2:15 – 3:00 pm

SESSION TWO: Systems Change

Becoming an Anti-Racist

The attempt to address structural racism precipitates the realization of a singular truth—that a system of racism is maintained and upheld by all who are in it. This is a delicate concept to propose because it allows for denial: those who do not wish to be considered complicit in the continuation of oppression can consider themselves bystanders or victims, rather than perpetrators and the guardians of oppression. This goes for white people and people of color alike, for as long as we are not engaged in active anti-racism, we are contributing to the continuation of systemic oppression.

 

As we seek to gain a better understanding of what we mean by the term “anti-racism”, it is important to examine concepts that underpin our social structures and constructs. In this workshop we will explore white supremacy and how it intersects with other privileges, reflect on our own experiences of privilege and oppression, and identify next steps in our own learning and commitment to dismantling racism.  

 

Workshop Goals: Participants will begin to deepen their understanding of “anti-racism” and discuss ways in which they can take the next steps to increase their understanding and commitment to dismantling racism.  

MEET THE FACILITATOR

Daniel Redic was born in New York City and raised in Atlanta, Georgia. He is a prevention education specialist at the Center for Youth Services and a facilitator with Partners in Restorative Initiatives. He has been a youth worker and advocate for 12 years, engaging in topics ranging from the Raise the Age Initiative in New York State to youth housing in Rochester.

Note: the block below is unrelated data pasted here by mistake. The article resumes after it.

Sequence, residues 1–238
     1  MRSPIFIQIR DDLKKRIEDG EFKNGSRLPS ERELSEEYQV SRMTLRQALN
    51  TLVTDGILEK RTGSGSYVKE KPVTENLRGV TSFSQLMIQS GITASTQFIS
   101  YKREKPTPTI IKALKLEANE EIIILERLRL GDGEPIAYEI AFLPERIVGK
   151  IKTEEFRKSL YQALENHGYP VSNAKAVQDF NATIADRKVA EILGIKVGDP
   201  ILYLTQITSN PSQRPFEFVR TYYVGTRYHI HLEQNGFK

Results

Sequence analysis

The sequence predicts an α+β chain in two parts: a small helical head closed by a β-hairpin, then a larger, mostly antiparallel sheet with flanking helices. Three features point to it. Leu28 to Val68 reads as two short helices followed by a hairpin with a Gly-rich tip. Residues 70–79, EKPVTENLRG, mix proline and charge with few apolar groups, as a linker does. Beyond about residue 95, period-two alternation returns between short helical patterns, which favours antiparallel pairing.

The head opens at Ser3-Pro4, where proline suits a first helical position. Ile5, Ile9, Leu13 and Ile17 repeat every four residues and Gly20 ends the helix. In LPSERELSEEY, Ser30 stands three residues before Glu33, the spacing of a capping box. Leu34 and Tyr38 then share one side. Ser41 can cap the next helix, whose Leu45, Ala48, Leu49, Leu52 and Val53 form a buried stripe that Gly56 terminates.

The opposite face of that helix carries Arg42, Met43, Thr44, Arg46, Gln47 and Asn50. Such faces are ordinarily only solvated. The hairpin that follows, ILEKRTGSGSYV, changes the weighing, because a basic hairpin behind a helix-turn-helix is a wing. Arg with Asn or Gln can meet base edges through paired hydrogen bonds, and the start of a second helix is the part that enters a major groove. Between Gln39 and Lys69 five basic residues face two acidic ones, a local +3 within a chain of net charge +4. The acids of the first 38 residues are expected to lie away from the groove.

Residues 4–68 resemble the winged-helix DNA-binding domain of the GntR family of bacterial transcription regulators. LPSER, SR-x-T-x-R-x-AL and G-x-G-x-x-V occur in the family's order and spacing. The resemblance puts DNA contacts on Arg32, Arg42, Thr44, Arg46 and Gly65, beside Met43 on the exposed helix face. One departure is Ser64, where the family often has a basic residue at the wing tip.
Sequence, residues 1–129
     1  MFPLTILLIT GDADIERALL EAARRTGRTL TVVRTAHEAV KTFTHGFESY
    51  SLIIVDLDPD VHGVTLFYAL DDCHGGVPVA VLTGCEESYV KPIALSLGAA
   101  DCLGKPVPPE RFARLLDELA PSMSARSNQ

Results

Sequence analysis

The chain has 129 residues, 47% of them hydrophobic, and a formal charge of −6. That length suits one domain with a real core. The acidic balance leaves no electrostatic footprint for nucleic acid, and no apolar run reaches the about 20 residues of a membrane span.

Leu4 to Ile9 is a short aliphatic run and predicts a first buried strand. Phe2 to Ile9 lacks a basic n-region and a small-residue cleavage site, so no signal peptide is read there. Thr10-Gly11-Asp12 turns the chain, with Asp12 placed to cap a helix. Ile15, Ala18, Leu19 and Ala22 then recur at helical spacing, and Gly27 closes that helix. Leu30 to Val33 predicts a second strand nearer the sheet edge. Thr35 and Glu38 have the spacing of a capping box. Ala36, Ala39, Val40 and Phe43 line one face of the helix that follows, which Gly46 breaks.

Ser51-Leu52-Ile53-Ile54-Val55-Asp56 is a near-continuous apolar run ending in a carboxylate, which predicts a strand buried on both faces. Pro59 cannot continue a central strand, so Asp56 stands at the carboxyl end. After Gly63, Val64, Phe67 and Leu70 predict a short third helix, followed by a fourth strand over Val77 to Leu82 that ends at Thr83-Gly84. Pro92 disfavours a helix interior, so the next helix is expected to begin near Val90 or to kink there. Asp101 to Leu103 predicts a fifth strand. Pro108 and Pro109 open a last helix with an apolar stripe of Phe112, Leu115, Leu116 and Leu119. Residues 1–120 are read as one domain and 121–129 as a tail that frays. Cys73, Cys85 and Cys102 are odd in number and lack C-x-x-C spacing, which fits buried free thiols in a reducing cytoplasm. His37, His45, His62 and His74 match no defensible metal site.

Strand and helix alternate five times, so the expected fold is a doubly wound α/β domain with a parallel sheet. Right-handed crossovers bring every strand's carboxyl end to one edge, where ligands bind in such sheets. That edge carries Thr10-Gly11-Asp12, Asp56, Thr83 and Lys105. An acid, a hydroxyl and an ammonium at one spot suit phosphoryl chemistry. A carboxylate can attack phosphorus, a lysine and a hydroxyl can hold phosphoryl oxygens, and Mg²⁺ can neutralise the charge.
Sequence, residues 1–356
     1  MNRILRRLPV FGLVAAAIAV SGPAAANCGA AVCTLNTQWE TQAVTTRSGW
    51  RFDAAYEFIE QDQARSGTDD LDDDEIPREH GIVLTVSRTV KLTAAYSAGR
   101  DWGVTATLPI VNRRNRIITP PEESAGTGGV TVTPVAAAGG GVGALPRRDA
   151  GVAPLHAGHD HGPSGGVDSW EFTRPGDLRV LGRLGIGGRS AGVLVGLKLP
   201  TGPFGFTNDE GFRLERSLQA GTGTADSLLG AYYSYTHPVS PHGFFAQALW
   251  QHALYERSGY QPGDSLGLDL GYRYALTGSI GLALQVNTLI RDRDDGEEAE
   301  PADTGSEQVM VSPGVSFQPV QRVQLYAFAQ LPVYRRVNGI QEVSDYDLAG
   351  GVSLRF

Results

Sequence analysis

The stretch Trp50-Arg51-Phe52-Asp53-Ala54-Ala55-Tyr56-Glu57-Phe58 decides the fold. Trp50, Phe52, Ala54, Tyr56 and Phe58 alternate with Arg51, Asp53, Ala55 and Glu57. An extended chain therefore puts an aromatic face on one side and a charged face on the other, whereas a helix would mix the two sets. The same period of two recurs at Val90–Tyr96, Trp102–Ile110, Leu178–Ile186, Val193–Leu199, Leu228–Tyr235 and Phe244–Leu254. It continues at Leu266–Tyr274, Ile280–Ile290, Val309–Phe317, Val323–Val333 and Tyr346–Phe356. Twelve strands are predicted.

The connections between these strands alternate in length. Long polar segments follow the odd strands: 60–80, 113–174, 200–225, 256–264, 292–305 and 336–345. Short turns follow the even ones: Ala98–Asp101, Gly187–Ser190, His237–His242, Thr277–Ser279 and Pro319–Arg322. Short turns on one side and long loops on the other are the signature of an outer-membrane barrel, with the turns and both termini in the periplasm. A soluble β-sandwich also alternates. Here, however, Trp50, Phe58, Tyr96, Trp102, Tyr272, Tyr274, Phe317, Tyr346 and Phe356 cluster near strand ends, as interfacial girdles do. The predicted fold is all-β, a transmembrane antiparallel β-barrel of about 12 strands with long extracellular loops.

Daniel’s passion lies in race and equity education. He was responsible for agency-wide training and implementation of anti-racism programming at the Center for Youth through the Racial Equity and Justice Initiative. In 2019, he was formally introduced to restorative practices and found an affinity for the work as a way to integrate trauma-informed care, social emotional learning, and equity work through a restorative lens.  Daniel lives in Rochester, spending time with his daughters and making music in his spare time.

Kristin Hocker is an assistant professor of clinical nursing and co-director of the Health Care Leadership and Management (HCM) program at the University of Rochester’s School of Nursing (SON). In addition, Kristin serves as the deputy Title IX coordinator for the SON, undertaking responsibility for the prompt and fair handling of sex-based harassment or misconduct complaints. 

Kristin’s passion lies in championing the actions and behaviors that generate equity as a practice and ensuring that all individuals feel welcomed, supported, and valued so that they are able to fully participate as their authentic selves. Recently, she has channeled that passion as an adjunct professor at the Warner School of Education, teaching educators about race and racism and how to be equity-minded in their practice. Kristin is chair of the Board of the Gandhi Institute for Nonviolence. She is a diehard fan of the work, the people, and the impact this work has on the community.